$300K will buy 'Silence of the Lambs' lair where Buffalo Bill groomed his victims

$300K will buy 'Silence of the Lambs' lair where Buffalo Bill groomed his victims
·Homes Editor
CLICK PHOTO FOR SLIDESHOW.
CLICK PHOTO FOR SLIDESHOW.

Shudder.

We don't know if we'd want this listing agent's job.

Fictional serial killer Buffalo Bill's house from the Oscar-winning movie "The Silence of the Lambs" is for sale.

Dianne Wilk of the Preferred Realty, with Berkshire Hathaway HomeServices, doesn't necessarily see it as a tough sell. She told the Pittsburgh Tribune-Review that she could envision, say, a horror-themed B&B. "People love to be scared."

And her clients are certainly having fun with the listing, conducting interviews with local media, print and television.

The three-story Victorian is near Perryopolis, Pennsylvania, part of the Pittsburgh metro area. It has four bedrooms and one bath in 2,334 square feet — but sorry, no pit in the basement for storing your live victims before you kill and skin them. That was filmed on a soundstage, homeowner Scott Lloyd told the Tribune-Review. The Lloyds are asking $300,000 for the home.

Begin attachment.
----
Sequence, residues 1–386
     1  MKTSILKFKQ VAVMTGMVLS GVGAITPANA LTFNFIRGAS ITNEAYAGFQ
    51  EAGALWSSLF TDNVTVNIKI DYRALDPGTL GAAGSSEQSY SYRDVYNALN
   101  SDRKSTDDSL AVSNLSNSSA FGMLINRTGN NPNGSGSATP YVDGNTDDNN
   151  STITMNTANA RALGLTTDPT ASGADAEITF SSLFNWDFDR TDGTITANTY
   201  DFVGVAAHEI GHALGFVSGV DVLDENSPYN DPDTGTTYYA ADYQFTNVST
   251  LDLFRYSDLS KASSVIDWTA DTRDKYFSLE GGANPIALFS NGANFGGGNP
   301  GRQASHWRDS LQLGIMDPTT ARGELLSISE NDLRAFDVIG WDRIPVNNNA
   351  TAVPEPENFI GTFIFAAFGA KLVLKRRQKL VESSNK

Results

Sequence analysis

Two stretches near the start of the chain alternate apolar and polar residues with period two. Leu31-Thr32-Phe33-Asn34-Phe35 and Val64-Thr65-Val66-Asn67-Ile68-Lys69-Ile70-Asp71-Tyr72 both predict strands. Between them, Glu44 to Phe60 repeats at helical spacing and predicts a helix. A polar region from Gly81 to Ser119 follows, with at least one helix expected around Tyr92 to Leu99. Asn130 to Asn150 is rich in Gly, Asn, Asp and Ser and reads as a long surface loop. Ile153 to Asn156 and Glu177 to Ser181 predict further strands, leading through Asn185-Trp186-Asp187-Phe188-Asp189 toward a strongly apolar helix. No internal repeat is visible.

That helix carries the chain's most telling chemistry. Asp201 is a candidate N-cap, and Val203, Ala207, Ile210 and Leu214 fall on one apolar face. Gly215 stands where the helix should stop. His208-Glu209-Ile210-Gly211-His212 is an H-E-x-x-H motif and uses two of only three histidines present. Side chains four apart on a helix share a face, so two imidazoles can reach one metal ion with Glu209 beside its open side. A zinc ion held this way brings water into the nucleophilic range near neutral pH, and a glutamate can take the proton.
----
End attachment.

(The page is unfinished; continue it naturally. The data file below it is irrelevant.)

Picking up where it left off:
It was 1989 when a location scout knocked at the Lloyds' door. “They were looking for a home in which you entered the front door and had a straight line through,” Scott's wife, Barbara, told the newspaper. “They wanted it to look like a spiderweb, with Buffalo Bill drawing Jodie Foster into the foyer, into the kitchen, then into the basement.”

She gave Pittsburgh's Action News 4 team a little tour of the climactic scene, shown in one of the videos below; the other video is a clip of the scene. Scott Lloyd told the TV station that the filmmakers had "sent a bunch of people out into every steep valley in western Pennsylvania looking for older houses, and just happened to find ours." His wife added: "They were like people getting out of a clown car. There must have been 40 people in these three vans, swarming all over the house, checking it out and looking it over."

The moviemakers weren't the first to see potential in that picturesque foyer: The Lloyds were actually married there in 1977, a couple of months after buying the house, according to the Tribune-Review.

The listing touts the home as a "near perfect expression of comfort" with a wraparound veranda, an in-ground pool and a big garage/workshop. It's a Princess Anne style (a more modest version of a Queen Anne) built in 1910, "nestled in a quaint village" near fishing, boating and hiking areas.

The couple raised their son there, but now they're downsizing to a home they're building nearby.

Click here or on a photo for Buffalo Bill's "Silence of the Lambs" house for sale.

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